A manifesto for ‘slow’ comparative research on work and employment
journal contributionposted on 11.04.2019, 11:10 by P Almond, H Connolly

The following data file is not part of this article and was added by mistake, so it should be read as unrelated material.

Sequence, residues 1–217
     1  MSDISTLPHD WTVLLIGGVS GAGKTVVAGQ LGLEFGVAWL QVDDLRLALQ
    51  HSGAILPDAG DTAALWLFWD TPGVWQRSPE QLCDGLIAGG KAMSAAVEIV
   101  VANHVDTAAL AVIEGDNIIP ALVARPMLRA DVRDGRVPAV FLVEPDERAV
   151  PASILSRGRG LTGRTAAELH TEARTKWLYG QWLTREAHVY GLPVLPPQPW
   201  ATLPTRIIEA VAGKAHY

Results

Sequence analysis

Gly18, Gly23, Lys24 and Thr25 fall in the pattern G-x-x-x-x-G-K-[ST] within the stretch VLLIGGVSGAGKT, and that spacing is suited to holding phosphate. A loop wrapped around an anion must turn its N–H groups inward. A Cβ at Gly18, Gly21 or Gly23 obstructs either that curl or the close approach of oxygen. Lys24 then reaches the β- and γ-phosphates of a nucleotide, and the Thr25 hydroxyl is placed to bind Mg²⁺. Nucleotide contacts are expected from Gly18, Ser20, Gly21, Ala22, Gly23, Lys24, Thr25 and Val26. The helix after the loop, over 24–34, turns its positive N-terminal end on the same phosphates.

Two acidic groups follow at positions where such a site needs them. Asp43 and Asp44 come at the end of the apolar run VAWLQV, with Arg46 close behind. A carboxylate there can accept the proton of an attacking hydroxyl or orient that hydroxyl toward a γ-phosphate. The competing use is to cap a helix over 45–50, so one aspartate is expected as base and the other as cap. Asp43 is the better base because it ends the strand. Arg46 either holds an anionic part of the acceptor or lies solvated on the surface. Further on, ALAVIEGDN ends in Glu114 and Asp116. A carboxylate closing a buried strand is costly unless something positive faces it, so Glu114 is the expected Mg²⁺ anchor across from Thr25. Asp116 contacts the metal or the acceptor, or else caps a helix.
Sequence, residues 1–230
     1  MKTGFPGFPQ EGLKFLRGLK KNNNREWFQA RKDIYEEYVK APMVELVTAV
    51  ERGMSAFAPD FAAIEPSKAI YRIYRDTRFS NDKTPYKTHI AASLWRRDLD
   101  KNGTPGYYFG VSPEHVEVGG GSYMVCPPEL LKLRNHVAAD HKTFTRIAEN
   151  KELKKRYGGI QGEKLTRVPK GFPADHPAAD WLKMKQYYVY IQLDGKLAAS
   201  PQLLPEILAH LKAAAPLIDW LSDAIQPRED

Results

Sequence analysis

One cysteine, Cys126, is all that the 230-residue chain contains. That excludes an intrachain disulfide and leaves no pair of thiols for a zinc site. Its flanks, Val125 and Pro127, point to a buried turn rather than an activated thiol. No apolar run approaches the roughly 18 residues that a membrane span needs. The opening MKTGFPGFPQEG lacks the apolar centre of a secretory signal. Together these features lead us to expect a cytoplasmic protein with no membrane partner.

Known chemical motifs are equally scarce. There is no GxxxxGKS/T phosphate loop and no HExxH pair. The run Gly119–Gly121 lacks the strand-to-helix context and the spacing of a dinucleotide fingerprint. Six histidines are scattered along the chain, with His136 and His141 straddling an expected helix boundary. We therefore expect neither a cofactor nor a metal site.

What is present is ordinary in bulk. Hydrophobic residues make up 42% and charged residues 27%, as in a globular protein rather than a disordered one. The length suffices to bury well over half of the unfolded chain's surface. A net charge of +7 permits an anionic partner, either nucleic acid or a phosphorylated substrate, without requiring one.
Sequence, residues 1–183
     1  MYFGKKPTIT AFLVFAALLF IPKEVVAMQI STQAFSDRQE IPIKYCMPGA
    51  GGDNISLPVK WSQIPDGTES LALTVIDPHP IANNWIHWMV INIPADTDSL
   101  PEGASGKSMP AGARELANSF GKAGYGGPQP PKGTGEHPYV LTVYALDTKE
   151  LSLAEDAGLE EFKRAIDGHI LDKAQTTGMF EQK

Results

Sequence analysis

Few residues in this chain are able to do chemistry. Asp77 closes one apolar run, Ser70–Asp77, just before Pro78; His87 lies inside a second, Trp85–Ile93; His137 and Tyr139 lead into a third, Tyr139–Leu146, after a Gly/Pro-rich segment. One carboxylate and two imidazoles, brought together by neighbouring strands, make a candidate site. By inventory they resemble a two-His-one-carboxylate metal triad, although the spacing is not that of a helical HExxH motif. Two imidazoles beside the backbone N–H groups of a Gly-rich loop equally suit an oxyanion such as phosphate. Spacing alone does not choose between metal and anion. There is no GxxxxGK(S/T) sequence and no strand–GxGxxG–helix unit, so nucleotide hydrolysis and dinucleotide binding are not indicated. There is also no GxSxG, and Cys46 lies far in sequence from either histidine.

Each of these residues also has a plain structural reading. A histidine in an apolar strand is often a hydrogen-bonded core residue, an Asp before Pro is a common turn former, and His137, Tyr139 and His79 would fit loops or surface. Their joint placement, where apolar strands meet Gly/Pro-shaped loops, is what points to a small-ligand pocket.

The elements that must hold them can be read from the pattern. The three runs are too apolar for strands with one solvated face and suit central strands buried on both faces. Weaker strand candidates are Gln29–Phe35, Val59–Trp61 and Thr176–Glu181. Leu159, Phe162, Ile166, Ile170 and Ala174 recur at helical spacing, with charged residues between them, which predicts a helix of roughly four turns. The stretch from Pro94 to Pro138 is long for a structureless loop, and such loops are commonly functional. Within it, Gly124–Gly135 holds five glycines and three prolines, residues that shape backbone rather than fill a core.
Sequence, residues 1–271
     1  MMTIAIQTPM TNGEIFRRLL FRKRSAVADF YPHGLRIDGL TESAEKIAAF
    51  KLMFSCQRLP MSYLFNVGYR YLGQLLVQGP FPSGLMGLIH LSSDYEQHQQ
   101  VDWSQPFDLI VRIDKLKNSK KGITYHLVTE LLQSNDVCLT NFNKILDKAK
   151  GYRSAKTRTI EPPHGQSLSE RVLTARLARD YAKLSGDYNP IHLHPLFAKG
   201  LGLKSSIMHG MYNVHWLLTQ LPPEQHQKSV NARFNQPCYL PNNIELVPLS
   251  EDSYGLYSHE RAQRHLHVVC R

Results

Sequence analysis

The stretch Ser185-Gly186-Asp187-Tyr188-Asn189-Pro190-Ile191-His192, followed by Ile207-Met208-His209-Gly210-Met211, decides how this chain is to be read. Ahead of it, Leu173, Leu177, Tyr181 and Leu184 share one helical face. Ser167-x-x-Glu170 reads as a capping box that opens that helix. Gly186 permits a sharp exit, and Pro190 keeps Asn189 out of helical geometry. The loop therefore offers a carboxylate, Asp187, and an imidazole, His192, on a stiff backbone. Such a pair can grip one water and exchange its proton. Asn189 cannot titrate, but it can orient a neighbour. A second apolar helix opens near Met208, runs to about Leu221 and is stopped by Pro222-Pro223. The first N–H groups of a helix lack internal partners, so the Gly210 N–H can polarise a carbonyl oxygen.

We offer a defence of, and framework for, comparative research in industrial and employment relations, based on a long-term engagement with the social contexts under study. We locate ‘slow’ research strategies in relation to predominant approaches and establish a number of basic precepts of slow comparativism as a practical methodological approach. We aim to provoke a discussion among those conducting comparative research on work and employment about how truth claims are generated. We also seek a basis by which those conducting slower forms of comparativism, through what we term ‘implicit ethnographies’, can find better ways of developing and defending their modes of research within an often hostile academic political economy.